If by the "far-left" you mean democratic socialism, then yes I think that far-left ideology does lead to a better society.
Currently, under capitalism, major economic decisions are made mostly by large companies who (especially since the decline of organized labor here in the States) have no democratic accountability whatsoever to their workers or to the greater community. An economic system which places democratic control and popular need before profit would be a much saner alternative to the market anarchy and private centralization of power which exists within capitalism.
And there have been plenty of examples which support this conclusion. The Mondragon Corporation in the Basque country is the fourth largest corporation in Spain- and is a cooperative owned by the workers within the company. Building societies in England and credit unions in the States have provided much needed financial support and democratic control in times of need. Even within social corporatism and the mild social democracy that is practiced in Germany, co-determination (a system by which boards of directors are half-elected by workers in companies with over a thousand employees) continues to be a positive force for German workers.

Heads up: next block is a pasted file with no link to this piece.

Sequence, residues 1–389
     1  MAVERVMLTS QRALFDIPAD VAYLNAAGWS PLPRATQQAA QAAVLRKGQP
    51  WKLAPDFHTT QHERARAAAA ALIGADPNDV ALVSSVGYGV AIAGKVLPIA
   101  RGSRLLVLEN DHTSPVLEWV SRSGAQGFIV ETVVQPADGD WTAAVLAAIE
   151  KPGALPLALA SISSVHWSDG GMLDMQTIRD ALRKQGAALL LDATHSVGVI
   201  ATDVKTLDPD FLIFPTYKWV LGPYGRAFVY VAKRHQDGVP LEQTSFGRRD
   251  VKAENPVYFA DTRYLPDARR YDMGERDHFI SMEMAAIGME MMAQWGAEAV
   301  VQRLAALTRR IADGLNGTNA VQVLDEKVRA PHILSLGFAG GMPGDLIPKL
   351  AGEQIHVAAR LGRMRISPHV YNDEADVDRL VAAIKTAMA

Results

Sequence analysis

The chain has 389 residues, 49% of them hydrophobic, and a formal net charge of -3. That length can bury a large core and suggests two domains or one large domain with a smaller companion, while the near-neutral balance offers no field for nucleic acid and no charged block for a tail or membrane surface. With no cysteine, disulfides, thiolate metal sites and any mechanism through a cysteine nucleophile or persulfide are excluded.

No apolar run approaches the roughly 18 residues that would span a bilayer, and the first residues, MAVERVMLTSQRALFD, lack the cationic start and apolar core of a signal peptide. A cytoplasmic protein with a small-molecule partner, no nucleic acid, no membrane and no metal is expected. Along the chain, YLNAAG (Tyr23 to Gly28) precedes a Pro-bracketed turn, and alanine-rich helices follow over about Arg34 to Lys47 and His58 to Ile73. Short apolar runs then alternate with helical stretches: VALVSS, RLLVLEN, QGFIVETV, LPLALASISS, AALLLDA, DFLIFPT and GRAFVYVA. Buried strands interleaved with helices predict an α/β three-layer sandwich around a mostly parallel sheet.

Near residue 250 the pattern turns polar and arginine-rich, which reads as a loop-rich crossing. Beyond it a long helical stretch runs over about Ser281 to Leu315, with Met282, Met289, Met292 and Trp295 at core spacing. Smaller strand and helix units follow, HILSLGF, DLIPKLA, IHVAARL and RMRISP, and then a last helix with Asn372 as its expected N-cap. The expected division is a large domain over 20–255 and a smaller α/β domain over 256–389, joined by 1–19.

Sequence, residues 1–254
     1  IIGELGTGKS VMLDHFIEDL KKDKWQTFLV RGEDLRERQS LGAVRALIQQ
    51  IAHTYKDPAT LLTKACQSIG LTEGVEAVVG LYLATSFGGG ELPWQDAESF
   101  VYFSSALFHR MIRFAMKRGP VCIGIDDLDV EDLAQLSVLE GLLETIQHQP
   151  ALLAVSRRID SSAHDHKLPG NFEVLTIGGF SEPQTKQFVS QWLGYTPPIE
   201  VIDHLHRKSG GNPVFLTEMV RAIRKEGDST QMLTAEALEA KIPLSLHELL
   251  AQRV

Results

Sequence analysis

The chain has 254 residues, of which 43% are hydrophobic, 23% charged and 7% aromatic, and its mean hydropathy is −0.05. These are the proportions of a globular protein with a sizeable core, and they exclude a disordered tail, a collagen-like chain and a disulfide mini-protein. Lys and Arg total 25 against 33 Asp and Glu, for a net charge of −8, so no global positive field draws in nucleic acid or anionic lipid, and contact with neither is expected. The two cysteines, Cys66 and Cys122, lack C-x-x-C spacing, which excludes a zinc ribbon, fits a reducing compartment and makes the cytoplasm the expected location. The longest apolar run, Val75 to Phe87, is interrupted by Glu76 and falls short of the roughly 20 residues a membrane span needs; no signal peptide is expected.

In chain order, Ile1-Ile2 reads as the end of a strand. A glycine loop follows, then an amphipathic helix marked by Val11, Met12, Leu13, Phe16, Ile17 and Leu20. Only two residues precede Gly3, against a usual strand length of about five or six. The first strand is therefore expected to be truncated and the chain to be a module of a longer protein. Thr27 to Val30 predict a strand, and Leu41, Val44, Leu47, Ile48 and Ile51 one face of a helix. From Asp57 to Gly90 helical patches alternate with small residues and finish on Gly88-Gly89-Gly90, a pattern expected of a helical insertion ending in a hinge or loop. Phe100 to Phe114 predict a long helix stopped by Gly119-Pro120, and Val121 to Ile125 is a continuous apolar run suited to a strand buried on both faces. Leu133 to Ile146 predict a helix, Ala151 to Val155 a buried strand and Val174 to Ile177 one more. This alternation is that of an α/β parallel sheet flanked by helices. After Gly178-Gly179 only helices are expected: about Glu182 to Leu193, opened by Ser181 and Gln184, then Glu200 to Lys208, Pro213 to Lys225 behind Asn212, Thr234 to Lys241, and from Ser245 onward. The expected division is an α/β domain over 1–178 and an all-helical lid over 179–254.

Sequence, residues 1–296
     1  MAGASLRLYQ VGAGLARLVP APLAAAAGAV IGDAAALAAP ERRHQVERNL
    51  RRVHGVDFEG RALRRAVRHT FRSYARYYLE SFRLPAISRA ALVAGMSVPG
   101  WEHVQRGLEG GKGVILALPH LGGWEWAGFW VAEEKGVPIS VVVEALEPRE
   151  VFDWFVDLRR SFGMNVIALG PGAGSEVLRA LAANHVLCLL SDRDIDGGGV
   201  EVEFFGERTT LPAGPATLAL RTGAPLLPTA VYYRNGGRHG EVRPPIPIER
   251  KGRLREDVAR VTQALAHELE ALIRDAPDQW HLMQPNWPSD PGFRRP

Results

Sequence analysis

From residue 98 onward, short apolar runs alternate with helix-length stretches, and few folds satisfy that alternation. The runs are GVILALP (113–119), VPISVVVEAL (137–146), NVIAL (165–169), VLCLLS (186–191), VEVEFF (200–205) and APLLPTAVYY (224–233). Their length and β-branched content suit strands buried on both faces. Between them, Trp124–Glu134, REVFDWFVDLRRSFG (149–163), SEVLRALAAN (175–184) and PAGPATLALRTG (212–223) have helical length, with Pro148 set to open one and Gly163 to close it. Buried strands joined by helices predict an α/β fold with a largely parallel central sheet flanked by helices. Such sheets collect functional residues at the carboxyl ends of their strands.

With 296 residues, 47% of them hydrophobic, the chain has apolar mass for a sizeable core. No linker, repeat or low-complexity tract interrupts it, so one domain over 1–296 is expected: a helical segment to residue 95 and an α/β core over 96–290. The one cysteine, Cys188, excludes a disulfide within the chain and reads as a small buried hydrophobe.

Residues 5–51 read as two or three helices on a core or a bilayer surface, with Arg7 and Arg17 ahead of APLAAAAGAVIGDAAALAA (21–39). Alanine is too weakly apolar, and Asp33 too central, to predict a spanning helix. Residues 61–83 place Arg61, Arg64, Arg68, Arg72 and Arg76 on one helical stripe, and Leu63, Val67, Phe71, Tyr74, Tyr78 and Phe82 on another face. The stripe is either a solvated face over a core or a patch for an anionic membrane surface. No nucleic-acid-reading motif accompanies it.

So many politicians have proved to be successful from Julius Caesar to Vladmir Putin. The problem is finding the best leader for your country no matter the party. Politics have always been corrupt. What you must notice is that every single type of government sounds perfect on paper. It is much harder to do than it is to hear. Politicians generally try to find away around it.
Far left economic principles is essentially socialism, the redistribution of wealth, and the government controlling your life. While I agree with the liberal ideals of personal choice and freedom, I do not agree with social restrictions and the loss of control that big government brings. I think the people should be fiscally responsible, and that we know what's best for our lives.